- Verification in cross shard transactions via merkle proof
Sending funds into a receiving shard requires burning the funds on the source shard. The receiving shard needs to run a proof to make sure the funds were in fact burnt.
2. Verification in sending funds back into the beacon chain
The same mechanism as above applies in addition to the mechanism of originally claiming funds via
The structure of a
Receipt on a shard chain is as follows:
# Unique nonce
# Execution Script (beacon chain contract index) that the receipt is created by
# Address that it is intended for
One major concern in these methods is the process of not using a receipt twice — especially in the stateless model. Since you cannot include an exclusion proof on every block (it’s just impossible), there has to be another way. The proposal discusses a
check_and_set_bitfield function to keep track of used receipts. The function arguments are as follows:
check_and_set_bitfield_bit(bitfield_id: uint64, bit: uint64):
The id would map to a receipt index. Each shard chain and the beacon chain increments a receipt index on every published receipt. The bit argument would map to a secondary identifier. Beacon chain receipts may be tracked by
bit = 0 and each shard chain would be tracked by
bit = SHARD_COUNT + 1. Having the secondary identifier is important since each shard chain and the beacon chain will have collisions on the receipt index. Calling the function would set the bit within the bitfield chunk to 1. If it is already 1, it would assert an error. This would mean the receipt has already been consumed and a double spend attempt is in process.
This is definitely a dense article. I hope it helps in your journey of understanding the current and evolving specification around Ethereum 2.0, phase 2. I’m also hoping it helps as a secondary resource if you are wanting to read through current proposals.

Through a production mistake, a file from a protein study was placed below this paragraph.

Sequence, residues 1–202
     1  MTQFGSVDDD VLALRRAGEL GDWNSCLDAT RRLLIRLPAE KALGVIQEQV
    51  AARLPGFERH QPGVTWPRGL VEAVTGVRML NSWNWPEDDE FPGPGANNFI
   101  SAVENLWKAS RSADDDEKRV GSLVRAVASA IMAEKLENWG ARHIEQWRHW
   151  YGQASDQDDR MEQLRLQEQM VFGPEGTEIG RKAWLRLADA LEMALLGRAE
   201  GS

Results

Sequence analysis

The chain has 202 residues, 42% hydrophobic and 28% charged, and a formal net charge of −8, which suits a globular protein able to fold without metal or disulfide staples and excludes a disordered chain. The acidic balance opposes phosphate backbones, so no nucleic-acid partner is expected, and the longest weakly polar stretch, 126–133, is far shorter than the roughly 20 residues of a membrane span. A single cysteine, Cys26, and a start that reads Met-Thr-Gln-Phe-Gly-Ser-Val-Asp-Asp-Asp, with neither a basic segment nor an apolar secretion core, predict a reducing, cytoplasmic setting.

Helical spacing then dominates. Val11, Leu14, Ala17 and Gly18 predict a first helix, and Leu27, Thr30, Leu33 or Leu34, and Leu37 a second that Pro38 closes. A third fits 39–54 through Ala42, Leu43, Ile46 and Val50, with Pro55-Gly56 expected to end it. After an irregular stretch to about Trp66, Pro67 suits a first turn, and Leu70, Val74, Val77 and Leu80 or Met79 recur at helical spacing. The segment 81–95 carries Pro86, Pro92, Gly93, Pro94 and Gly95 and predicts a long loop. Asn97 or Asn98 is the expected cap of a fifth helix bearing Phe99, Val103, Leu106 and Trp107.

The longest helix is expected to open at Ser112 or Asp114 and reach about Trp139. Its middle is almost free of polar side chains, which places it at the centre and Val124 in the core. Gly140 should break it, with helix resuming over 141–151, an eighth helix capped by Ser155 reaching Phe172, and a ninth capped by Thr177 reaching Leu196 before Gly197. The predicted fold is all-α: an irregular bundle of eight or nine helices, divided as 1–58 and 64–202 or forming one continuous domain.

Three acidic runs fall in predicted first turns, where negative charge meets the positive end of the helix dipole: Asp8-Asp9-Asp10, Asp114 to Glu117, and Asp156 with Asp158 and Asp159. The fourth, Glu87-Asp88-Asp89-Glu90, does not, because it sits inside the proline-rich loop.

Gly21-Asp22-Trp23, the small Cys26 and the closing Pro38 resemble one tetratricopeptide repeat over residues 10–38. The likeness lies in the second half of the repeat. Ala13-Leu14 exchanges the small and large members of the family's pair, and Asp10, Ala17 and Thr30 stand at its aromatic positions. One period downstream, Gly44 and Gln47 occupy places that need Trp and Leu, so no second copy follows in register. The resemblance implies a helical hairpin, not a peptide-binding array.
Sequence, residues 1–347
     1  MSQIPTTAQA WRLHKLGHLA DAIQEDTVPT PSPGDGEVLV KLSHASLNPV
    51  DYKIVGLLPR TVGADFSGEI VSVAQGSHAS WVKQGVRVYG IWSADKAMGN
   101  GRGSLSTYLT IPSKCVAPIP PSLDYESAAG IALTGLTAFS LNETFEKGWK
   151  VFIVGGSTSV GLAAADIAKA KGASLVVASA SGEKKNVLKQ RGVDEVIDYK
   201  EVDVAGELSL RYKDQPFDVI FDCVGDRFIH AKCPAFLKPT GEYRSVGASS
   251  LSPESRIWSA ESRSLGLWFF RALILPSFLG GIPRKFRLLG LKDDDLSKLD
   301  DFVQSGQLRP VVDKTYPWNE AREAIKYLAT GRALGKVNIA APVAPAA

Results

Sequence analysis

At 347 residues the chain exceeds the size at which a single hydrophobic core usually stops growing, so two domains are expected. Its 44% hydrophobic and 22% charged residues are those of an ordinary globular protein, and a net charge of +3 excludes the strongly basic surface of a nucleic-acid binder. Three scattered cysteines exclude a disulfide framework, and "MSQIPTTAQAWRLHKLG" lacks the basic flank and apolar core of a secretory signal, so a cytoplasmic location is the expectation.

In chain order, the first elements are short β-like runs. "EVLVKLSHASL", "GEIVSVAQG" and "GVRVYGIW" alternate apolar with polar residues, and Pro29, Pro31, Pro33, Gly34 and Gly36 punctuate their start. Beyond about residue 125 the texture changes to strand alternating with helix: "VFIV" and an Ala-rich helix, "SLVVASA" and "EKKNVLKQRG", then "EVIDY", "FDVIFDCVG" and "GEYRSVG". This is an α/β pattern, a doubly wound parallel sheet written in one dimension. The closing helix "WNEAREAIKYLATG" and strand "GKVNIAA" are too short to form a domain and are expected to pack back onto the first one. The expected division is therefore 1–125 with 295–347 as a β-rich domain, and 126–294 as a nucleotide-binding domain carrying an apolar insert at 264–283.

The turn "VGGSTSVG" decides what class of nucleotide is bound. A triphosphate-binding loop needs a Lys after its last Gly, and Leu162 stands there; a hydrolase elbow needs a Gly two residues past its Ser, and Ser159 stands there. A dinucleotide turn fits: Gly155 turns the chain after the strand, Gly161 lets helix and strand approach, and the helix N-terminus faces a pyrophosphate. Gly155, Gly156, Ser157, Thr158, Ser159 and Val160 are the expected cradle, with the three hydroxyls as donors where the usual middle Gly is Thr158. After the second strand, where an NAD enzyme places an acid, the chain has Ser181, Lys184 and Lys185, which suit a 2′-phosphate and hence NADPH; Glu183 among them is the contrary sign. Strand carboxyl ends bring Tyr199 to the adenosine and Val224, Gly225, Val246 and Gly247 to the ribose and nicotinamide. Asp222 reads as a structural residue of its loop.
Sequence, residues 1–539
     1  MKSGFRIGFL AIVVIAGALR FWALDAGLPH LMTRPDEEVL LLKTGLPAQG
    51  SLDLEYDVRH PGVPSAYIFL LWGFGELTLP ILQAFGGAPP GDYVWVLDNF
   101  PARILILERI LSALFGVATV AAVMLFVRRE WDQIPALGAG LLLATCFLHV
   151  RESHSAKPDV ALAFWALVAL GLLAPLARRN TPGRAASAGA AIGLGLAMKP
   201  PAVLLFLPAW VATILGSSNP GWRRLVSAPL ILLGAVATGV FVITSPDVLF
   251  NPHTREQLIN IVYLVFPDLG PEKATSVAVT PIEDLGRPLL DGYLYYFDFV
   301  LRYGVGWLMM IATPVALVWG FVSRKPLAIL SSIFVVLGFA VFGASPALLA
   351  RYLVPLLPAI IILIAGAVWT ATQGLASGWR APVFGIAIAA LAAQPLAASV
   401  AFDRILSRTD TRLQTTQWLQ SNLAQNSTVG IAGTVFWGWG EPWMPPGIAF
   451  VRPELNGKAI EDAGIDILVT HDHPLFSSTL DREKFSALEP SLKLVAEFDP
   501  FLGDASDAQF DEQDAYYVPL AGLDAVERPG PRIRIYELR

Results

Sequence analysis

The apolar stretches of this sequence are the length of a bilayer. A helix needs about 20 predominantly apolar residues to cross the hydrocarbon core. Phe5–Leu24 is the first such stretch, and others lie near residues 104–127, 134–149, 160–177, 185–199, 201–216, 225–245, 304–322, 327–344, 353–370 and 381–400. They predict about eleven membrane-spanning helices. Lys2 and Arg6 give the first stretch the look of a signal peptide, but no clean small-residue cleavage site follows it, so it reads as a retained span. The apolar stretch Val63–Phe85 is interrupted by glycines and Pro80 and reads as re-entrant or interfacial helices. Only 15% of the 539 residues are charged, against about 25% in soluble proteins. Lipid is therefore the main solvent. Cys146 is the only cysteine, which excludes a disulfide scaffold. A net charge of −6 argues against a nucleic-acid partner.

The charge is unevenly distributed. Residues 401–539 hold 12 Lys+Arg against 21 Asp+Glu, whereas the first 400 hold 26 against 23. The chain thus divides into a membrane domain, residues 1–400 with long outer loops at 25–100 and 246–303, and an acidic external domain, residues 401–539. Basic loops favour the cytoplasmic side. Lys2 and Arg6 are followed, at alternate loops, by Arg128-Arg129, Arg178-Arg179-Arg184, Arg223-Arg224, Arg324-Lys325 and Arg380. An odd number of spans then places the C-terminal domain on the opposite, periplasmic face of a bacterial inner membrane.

In closing, I’ll list the pros and cons of this approach vs. having the rules set strictly at the layer 1 protocol level. Thanks to Vitalik for summarizing these:
- Less risk of consensus forks
- Faster time to deployments (updates to execution/beacon contracts vs. having to update the core protocol and client code)
- Easier path to upgrade the environment in the future without hard fork governance politics
- Less code that needs to be written/repeated in different client implementations
- Ability to test different approaches in parallel on the same base layer
- The execution environments/beacon chain contracts would need to be audited meticulously to ensure there are no bugs/issues
- Less hard fork politics, but more standardization politics
- Risk that the total complexity of the consensus layer, layer 2, relay networks and secondary environments is greater
We’re currently hiring for an additional Ethereum 2.0 phase 2 researcher. If the work and research presented in this article interests you, please reach out to me. Matt Garnett and I have started a research team and effort fully focused on eth 2.0, phase 2 called Quilt. We are funded by Consensys R&D.
Also, follow me on Twitter :)